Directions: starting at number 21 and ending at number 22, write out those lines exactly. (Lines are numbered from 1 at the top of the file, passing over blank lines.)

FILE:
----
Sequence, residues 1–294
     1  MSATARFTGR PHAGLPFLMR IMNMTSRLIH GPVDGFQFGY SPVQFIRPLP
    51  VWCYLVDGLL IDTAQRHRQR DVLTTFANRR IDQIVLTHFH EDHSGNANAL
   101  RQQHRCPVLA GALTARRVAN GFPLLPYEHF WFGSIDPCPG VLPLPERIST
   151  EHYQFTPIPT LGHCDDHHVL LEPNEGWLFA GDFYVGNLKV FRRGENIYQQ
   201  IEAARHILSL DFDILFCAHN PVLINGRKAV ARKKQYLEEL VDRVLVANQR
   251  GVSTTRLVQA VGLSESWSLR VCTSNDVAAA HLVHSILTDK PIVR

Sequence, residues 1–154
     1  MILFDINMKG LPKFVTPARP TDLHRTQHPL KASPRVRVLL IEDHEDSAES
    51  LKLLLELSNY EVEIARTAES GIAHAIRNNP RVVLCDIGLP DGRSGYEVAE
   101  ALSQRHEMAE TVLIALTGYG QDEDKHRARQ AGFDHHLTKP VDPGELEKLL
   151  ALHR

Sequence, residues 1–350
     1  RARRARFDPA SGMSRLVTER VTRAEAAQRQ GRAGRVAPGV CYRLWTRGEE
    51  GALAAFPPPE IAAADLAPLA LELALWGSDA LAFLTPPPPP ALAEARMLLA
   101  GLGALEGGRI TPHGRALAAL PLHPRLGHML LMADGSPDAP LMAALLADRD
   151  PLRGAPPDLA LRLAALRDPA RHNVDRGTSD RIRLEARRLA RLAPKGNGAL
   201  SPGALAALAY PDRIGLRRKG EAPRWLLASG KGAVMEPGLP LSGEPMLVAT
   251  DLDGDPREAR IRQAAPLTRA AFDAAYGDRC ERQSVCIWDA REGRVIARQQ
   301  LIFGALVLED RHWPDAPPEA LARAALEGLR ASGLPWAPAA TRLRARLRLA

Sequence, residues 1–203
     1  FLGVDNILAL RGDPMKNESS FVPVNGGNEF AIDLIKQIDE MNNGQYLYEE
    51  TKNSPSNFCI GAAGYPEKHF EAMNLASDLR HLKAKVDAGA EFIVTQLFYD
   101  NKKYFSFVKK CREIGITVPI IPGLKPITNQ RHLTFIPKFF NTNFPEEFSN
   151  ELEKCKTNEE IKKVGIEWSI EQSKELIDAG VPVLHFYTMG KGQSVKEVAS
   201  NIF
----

Sequence, residues 1–203
     1  FLGVDNILAL RGDPMKNESS FVPVNGGNEF AIDLIKQIDE MNNGQYLYEE